11/19/15 10:26am
Harvey Stein (American, born 1941). The Hug: Closed Eyes and Smile, 1982. Digital, inkjet archival print, 13 x 19 in. (33 x 48.3 cm). Collection of the artist. © Harvey Stein, 2011

Harvey Stein (American, born 1941). The Hug: Closed Eyes and Smile, 1982. Digital, inkjet archival print, 13 x 19 in. (33 x 48.3 cm). Collection of the artist. © Harvey Stein, 2011

This summer we wrote about Coney Island’s outlandish charm and epic history, the crinkle-cut fries and family-run confectionary businesses. Maybe you visited and let its authentic weirdness wash over you. Today, Coney Island is back on our radar thanks to Coney Island: Visions Of An American Dreamland, 1861-2008, which opens Friday, Nov. 20 at the Brooklyn Museum. Conceptualized and organized by Robin Jaffe Frank, Chief Curator of American Paintings and Sculpture at the Wadsworth Atheneum Museum of Art in Connecticut, the exhibit, while humble in its execution, is groundbreaking in its approach. Frank’s original look at a small corner of the world, a seaside neighborhood in Brooklyn, reveals a mecca of the American spirit, a study of mass culture, and a metaphor for the past 150 years of U.S. history. (more…)

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10/07/15 12:00pm

luna-park-halloween-festival-coney-island-amusement

Sponsored By Luna Park.

Luna Park, in iconic Coney Island is the best place in NYC for mild, moderate, and extreme thrills!

Created By BlankSlate

Labor Day is behind us and everyone in the office is drinking pumpkin spice lattes. We’re refusing to put away our summer clothes until we absolutely have to—but we’re also starting to get excited about the impending fall chill.

For those of us ready to celebrate fall the way it’s meant to be celebrated, Luna Park’s Halloween Harvest festival happens every weekend until November 1. The family-friendly festival features face painting, pumpkin picking, magic shows, balloon artists, and more.

This year, Halloween Harvest is bigger and better then ever. Luna Park has expanded the fun into the Scream Zone section of the park where guests can pick and paint a pumpkin at Grandmas Hay Maze and Pumpkin Patch, which is just steps away from the newest addition to the fall fun, Kooky Spooky Karaoke.
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09/08/15 1:17pm

Luna-Park

Sponsored By Luna Park.

Luna Park, in iconic Coney Island is the best place in NYC for mild, moderate, and extreme thrills!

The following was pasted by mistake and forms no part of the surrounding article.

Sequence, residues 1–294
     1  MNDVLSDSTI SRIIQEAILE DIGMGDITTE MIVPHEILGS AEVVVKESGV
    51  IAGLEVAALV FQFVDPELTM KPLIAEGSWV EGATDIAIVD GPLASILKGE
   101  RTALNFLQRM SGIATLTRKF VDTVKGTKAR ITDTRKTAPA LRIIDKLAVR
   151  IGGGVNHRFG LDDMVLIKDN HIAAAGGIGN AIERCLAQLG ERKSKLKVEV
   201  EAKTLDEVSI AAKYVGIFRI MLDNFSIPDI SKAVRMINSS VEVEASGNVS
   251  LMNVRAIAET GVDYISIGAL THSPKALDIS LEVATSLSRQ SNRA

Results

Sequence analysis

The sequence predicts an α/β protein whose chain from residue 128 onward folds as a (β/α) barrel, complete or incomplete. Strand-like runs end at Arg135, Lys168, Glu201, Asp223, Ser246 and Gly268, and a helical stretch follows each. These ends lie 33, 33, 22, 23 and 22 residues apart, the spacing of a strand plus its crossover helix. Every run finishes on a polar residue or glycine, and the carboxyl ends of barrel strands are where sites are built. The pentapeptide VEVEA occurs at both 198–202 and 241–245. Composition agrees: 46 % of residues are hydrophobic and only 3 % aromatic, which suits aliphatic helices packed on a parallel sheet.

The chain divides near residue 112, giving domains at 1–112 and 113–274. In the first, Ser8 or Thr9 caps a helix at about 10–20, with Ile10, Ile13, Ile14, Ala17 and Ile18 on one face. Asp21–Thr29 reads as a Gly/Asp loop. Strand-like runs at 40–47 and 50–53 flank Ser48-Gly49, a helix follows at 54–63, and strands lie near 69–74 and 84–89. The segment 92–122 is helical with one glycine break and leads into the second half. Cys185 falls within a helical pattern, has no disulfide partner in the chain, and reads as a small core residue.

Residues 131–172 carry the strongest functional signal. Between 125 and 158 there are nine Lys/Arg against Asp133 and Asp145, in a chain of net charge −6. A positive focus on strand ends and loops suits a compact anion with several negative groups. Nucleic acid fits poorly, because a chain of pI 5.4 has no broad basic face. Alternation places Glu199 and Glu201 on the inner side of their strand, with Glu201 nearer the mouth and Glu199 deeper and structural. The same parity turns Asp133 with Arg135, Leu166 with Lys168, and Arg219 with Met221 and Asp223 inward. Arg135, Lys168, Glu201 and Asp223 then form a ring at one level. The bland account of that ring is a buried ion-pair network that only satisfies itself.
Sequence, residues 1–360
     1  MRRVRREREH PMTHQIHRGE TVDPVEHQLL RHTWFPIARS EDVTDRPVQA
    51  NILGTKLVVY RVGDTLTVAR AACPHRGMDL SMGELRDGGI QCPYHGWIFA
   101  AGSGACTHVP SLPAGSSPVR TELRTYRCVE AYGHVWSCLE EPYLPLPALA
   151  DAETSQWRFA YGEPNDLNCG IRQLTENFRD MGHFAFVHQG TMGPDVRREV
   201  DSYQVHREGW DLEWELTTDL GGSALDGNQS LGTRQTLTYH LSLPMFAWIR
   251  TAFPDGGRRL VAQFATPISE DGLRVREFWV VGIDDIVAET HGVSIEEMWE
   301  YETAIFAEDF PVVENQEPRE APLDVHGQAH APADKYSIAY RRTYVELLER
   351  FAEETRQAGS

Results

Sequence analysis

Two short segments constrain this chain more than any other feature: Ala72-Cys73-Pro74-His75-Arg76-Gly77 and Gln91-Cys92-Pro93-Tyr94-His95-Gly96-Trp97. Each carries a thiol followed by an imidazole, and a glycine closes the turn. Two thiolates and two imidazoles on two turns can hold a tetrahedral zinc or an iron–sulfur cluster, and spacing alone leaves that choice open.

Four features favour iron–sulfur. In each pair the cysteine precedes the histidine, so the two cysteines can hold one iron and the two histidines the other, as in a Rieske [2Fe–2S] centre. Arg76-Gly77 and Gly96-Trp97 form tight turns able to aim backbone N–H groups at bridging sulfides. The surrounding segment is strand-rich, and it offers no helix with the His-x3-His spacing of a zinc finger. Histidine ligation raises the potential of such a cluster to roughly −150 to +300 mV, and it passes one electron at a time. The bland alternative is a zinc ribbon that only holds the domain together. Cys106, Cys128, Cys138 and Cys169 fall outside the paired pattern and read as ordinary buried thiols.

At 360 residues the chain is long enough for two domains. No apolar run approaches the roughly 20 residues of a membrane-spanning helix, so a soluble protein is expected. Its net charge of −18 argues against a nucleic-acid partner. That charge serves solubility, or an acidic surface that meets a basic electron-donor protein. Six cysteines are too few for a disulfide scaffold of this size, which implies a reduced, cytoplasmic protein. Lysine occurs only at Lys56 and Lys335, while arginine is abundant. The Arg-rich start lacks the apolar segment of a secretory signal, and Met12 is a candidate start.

Created By BlankSlate

Still working on your summer bucket list? Forget about everything else and go to Coney Island. The seaside resort overlooking the Atlantic Ocean has been New York City’s playground since the 1880s. Its iconic wooden boardwalk, built in 1923, affords some of the best people-watching in Brooklyn and is home to the original Nathan’s Famous, (which began as a nickel hot dog stand in 1916).

For the true Coney Island experience, though, you need to check out Luna Park, the storied amusement park that still operates the 88-year-old Coney Island Cyclone rollercoaster. Sixty-six years after the original park burned to the ground, Luna Park returned to the Coney Island Boardwalk in 2010, and quickly became a favorite for New York City families and anyone who’s a kid at heart.

This summer, the park is celebrating its 5th anniversary by adding five new rides to their already impressive collection. Four of them are already up and running: the kid-friendly Brooklyn Barge, the spin-filled Power SurgeSeaside Swing, and WindstarZ which allows riders to control the movement of their ride experience! The much-anticipated Endeavor will be unveiled in coming weeks.

On a sweltering Thursday, I decided to hop on the Q train to test-ride Luna Park’s attractions for myself. Here’s what to expect!
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08/06/15 11:23am
Yes, Coney Island is worth a visit. Photo: © 2015 Regina Mogilevskaya

Yes, Coney Island is worth a visit. Photo: © 2015 Regina Mogilevskaya

Whether you’re headed to a barbecue, a(nother) wedding, to the beach or out of town, you’re going need something to talk about this weekend, even if you feel like a brain dead summer zombie. Here are 10 stories we’ve been buzzing about, with a few suggestions for summer fun thrown into the mix. Put your sense of humor hat on and enjoy.

1. Yeah, yeah, yeah, the Rockaways are a cool, beachy enclave you wouldn’t expect in New York City. But Coney Island is easier to get to, and it’s a weird New York original that reminds you that’s there plenty of originality left in this place, even amidst the bespoke cotton candy and kale popsicles.

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Floatation–just another city survival tactic. Photo: Tom Mylan

2. We floated in a sensory deprivation chamber in Carroll Gardens for an hour and boy was it trippy. And also relaxing.

3. Jon Stewart signs off the Daily Show for good this evening. This highlight reel from The New York Times will make you even more nostalgic about the end of an era. Slate has its own roundup. Entertainment Weekly interviewed Stephen Colbert about Stewart’s legacy (Stewart is not speaking to the media until after the last show). Bill O’Reilly added his two cents. And someone even interviewed his college soccer coach because…well, it’s an angle anyway. Goodnight, sweet prince. We’ll miss you so. (more…)

07/16/15 11:52am
The new Smorgasburg outpost at Coney Island means there is now food beyond Nathan's and cheese fries to choose from, plus two outdoor bars.  Photo: © 2015 Regina Mogilevskaya

The new Smorgasburg outpost at Coney Island means there is now food beyond Nathan’s and cheese fries to choose from, plus two outdoor bars. Photo: © 2015 Regina Mogilevskaya

The Mermaid Parade has come and gone, and July 4, with its flourish of fireworks and hot dog gluttony has passed. So does that mean you should cross Coney Island off your summer bucket list? Not in the least–a new Smorgasburg outpost, an exhibit of two dozen street artists and other signs of renewal are all reasons to take the train to the Stillwell Ave. stop before the warm weather disappears.

Perhaps more than any other Brooklyn neighborhood, from the time of its discovery to its current state, Coney Island has donned an almost impossible number of faces. Its time as a remote, serene island, inhabited first by the Lenape Indians and then the Dutch in the early 17th century, was short-lived, as its unique proximity to both the city and the ocean predestined the area to become the “People’s Playground.”

Its golden age, when Luna Park, Dreamland, and Steeplechase Park bestowed a futuristic, dream-like quality upon the place, like an illustrious Epcot Center of the early 1900’s, was equally brief. (For a primer on Coney Island’s wonder years, check out this detailed history.)

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07/02/15 10:49am